Try raising the temp for amplification by 2 degrees. If this causes
both to give amplification, it suggests that the temperature
differentiation of the primer's upper level 61.7 vs 61.0 is the
critical difference: the .7 degrees difference may be the influencing
factor that compensates for the low amplfication temperature.
If not: the significance is suspected to be the lower temperature
variation of set two, which disables the compensation for the low
This is just a thougt. Try it, if you can afford it.
Wellcome Trust Research Labs, Nairobi wrote:
>> To the news group
>> I am amplifying 2 fragments of an unique DNA sequence of malaria;
> pfmdr1 gene with 2 different sets of primers. All primers are 21
> nucleotides length .Set1 primers have Tm of 59 and 61 °C and Set2 have
> 61.7 and 51.2°C.
> PCR is carried out in standard condition and the Tm=40 °C. Using
> a same amount of DNA template (5 ul) of purified culture DNA, only Set2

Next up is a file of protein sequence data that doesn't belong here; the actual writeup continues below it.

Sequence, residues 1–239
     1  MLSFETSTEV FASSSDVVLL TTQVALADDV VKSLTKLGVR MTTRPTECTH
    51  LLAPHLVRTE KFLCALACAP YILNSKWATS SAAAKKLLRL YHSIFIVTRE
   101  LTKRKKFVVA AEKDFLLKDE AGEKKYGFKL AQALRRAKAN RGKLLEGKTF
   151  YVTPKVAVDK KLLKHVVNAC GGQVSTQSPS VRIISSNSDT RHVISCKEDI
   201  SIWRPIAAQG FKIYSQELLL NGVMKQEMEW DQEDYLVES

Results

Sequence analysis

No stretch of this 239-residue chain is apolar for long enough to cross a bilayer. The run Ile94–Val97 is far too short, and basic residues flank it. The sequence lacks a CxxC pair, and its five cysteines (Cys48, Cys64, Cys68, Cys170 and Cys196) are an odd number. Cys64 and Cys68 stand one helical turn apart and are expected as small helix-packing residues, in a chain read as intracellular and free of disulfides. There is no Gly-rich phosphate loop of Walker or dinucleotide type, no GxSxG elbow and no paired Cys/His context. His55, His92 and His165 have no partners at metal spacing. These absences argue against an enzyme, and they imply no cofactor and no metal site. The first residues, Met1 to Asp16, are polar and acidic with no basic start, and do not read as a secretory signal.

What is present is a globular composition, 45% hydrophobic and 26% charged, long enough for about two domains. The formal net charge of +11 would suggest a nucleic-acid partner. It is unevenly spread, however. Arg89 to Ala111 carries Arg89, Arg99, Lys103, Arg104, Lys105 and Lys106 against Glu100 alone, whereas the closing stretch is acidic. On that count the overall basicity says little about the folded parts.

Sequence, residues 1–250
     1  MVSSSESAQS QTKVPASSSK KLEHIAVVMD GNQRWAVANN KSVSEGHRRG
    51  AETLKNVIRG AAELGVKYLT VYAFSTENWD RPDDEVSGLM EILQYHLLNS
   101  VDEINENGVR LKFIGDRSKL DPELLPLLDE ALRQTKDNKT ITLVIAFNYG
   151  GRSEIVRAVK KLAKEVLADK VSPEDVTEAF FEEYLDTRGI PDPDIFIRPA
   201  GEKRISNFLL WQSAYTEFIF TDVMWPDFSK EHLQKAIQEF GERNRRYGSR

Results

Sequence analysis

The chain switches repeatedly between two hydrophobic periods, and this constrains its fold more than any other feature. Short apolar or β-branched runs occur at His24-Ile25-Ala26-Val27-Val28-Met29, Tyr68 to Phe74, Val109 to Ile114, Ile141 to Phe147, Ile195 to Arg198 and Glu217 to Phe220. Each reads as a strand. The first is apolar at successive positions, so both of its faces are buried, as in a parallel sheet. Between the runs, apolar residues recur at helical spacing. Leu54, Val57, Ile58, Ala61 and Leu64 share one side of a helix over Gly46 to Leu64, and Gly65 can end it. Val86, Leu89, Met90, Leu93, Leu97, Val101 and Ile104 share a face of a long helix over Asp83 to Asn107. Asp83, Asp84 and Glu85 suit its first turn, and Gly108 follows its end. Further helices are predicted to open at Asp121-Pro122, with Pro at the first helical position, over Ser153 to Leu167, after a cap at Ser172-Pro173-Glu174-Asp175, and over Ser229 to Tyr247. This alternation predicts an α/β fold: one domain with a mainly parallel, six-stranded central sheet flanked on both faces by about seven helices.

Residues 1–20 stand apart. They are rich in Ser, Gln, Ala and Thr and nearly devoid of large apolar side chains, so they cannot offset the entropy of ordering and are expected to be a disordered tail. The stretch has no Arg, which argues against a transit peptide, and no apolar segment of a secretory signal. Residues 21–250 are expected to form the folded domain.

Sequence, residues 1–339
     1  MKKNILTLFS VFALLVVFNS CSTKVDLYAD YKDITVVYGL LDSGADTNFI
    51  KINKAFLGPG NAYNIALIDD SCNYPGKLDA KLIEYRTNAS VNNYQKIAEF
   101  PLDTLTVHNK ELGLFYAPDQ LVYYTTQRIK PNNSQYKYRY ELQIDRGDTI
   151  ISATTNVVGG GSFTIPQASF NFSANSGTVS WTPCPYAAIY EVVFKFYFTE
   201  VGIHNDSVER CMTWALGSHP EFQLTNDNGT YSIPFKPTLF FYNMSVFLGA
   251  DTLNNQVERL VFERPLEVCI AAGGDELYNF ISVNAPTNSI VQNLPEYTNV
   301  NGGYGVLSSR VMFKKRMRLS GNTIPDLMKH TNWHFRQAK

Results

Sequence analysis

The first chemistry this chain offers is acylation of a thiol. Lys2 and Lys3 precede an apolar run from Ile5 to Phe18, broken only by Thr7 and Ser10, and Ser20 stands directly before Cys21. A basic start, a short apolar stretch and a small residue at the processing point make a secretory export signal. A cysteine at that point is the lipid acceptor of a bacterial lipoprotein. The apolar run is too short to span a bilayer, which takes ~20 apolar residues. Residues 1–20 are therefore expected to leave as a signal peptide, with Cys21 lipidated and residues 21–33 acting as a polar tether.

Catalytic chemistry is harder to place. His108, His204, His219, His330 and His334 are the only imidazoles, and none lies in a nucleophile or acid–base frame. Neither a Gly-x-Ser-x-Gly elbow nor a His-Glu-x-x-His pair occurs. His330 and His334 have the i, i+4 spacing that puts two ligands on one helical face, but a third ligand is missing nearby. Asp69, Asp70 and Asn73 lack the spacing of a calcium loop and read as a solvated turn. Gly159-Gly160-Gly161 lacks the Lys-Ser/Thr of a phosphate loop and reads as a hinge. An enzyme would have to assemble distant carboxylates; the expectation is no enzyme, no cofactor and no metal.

> give an amplification. Set1 give an amplification if the template is 20
> to 50 times more. How can someone explain this difference in the PCR
> efficiency. The gene target is the same only the site of primers
> annealing differs. Moreover, Tm primers are quite similar and I used very
> low Tm (40 °C) for amplification.
> So, when the amount of DNA is not high (naturally infected
> sample), Set2 can not amplify the gene however Set1 does. Is there a
> problem in my PCR condition? As the PCR conditions are the same for the 2
> sets, why this difference?
>> FOR ANSWER: PLEASE PRECISE MESSAGE FOR ALEXIS NZILA